The carbonate system (Table 1) during the acclimations was assessed based on measurements of pH and total alkalinity (TA). The pHNBS of the cultures was measured potentiometrically and corrected for temperature (pH-meter 3110; WTW, Weilheim, Germany). The electrode (A157, Schott Instruments, Mainz, Germany) was three-point calibrated with NBS certified standard buffers and the measurement uncertainty was 0.03 pH units. TA was determined by potentiometric titration (Dickson 1981; TitroLine alpha plus, Schott Instruments). Measurements were accuracy-corrected with certified reference materials (CRMs) supplied by A. Dickson (Scripps Institution of Oceanography, USA). Calculation of the carbonate system was performed using CO2sys (Pierrot et al. 2006). Input parameters were pHNBS and TA, as well as temperature (15 °C), salinity (32.4), and pressure (1 dbar, according to 1 m depth; Hoppe et al. 2012). For all calculations, phosphate and silicate concentrations were assumed to be 7 and 17 μmol kg−1, respectively, based on assessments of the media. Equilibrium constants for carbonic acid, K1 and K2 given by Mehrbach et al. (1973) and refit by Dickson and Millero (1987) were used. For the dissociation of sulfuric acid, the constants reported by Dickson (1990) were employed.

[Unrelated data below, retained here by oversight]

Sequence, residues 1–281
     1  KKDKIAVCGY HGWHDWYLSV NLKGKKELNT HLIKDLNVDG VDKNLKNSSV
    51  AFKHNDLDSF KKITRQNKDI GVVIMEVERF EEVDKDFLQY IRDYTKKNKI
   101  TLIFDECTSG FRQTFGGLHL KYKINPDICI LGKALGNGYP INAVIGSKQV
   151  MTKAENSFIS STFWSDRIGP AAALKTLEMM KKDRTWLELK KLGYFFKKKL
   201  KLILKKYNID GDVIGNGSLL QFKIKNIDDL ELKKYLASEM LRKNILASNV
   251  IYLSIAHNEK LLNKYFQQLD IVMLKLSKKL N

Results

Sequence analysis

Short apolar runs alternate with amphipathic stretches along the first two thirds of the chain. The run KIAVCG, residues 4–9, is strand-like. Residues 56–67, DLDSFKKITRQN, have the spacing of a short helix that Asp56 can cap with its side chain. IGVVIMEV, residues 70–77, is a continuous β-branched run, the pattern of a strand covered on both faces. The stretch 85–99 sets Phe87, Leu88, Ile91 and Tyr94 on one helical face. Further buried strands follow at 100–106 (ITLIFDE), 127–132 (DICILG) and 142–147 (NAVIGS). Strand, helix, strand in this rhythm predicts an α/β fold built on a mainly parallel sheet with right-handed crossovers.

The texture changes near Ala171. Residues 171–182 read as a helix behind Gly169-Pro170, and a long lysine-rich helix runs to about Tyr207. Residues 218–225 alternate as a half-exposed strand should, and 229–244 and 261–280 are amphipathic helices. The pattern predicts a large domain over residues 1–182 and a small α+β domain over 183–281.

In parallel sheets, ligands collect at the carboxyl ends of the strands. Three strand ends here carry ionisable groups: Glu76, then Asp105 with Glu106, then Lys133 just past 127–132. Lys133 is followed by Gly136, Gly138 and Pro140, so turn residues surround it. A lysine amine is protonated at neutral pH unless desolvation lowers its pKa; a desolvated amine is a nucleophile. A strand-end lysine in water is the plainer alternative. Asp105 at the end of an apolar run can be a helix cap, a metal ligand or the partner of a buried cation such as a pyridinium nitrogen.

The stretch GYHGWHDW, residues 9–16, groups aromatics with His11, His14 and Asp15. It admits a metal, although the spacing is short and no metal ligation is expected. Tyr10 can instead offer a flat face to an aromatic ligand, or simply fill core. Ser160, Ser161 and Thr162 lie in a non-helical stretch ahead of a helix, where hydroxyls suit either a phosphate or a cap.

Table 1

Carbonate chemistry of the pCO2 acclimations at the time of harvesting and in cell-free media (reference); Attained pCO2, DIC, HCO3 , CO3 2−, and Ωcalcite are calculated based on measured pHNBS and TA using CO2sys (Pierrot et al. 2006)

Strain, ploidy

Treatment pCO2 (μatm)

Attained pCO2 (μatm)

pHNBS

TA (μmol kg−1)

DIC (μmol kg−1)

CO2 (μmol kg−1)

HCO3 (μmol kg−1)

CO3 2− (μmol kg−1)

Ωcalcite

RCC 1216, 2N

Low, 380

353 ± 8

8.19 ± 0.02